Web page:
Feb 06, MBO: So what's stopping you?In the first of a series of three articles, Brian Cummings of venture capital house, Enterprise Equity, unravels the mysteries of an MBO and what businesses need to know to ‘do the deal’…
Ulster Business Magazine
February 2006, Issue
With an estimated average of 12 MBO’s per week in some parts of the UK*, Ulster business owners are still missing out on a golden opportunity to exit their businesses and realise the fruits of their labour.
According to the British Venture Capital Association (BVCA), there was a total of 3 Management related Buyouts completed in Northern Ireland over the three year period from 2002 to 2004. While the BVCA will not have picked-up on all such activity, Northern Ireland is still bottom of the pile compared with Wales (9 deals) Scotland (23 deals) and the English regions (averaging 48 deals per region, excluding the South East) over the same period. The South East did 287 deals over that time.*
There are various options for company owners who want to exit their businesses including a trade sale, or a sale to a private acquirer. Put simply, an MBO is a transaction in which management get a material stake in the business (often in partnership with an external investor) and a change in ownership takes place.
While other avenues might be open, the MBO route becomes a viable alternative particularly in the following situations:
- A family owned business with family succession issues.
- An owner that does not want the business openly marketed (i.e. to its competitors) as part of a trade sale.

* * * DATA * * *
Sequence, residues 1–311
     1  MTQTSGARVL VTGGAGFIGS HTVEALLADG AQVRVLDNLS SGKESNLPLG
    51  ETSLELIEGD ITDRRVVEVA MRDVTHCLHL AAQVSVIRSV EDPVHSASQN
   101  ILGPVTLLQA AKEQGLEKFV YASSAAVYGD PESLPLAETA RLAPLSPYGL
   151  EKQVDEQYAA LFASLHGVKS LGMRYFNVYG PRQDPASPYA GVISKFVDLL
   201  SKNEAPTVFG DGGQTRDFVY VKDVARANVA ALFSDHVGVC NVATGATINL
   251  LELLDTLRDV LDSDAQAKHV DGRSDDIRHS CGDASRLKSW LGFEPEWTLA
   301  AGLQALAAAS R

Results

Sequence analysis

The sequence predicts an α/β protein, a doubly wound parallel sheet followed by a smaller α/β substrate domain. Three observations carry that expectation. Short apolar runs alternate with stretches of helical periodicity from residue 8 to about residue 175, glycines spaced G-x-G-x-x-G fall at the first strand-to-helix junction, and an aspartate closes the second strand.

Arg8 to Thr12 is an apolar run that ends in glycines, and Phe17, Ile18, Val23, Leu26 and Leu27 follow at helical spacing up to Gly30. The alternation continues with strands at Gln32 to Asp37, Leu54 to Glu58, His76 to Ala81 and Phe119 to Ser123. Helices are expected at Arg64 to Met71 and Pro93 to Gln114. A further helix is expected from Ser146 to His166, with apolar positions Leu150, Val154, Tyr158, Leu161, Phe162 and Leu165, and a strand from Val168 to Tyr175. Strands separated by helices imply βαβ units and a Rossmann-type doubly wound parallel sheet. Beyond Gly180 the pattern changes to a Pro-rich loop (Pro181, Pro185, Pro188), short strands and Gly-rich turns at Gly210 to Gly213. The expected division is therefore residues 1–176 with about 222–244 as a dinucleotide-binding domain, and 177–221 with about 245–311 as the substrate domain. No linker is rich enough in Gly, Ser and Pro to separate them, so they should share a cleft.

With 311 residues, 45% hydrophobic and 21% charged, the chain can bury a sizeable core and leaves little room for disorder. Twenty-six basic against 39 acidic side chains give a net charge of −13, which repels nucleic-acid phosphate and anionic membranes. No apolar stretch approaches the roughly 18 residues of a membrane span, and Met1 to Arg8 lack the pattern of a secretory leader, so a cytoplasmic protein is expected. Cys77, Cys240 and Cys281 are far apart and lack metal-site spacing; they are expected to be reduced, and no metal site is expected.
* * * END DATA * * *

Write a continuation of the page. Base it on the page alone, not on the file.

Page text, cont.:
- A foreign-owned subsidiary which is non-core to its parent’s operations.
While the MBO route can be initiated by the existing owner, it is usually the realisation by the MD that the business is, or might be, for sale. As soon as the possibility is raised, the following questions need to be addressed:
- Are you capable of running the business outside its existing ownership structure?
- Will the owner be agreeable to selling to a buyout team and possibly external investors?
- Is the likely price viable?
- Who needs to be part of the buyout team; will the out-going shareholder leave a skills gap?
- Assuming that finance is required, who can provide it?
The buyout can present the management team with a once in a life-time opportunity to prove itself and also, over a three to five year period, to generate an otherwise unachievable level of personal wealth.
This wealth can be generated through the same principles that lie behind the 100 per cent mortgage; i.e. the value of the equity in a property grows as it increases in value and as the mortgage is paid down. The equity value in a buyout company behaves in exactly the same way. An example of how such a deal could be structured will be provided in the next article in this series.
But there are a number of assumptions in the 100 per cent mortgage analogy that need to be addressed:
- The market price of the house increases: Therefore the business must increase its profits in order to increase the value of the business.
- The mortgage is successfully paid down:
Therefore the business must be cash generating in order to service some debt and make capital repayments.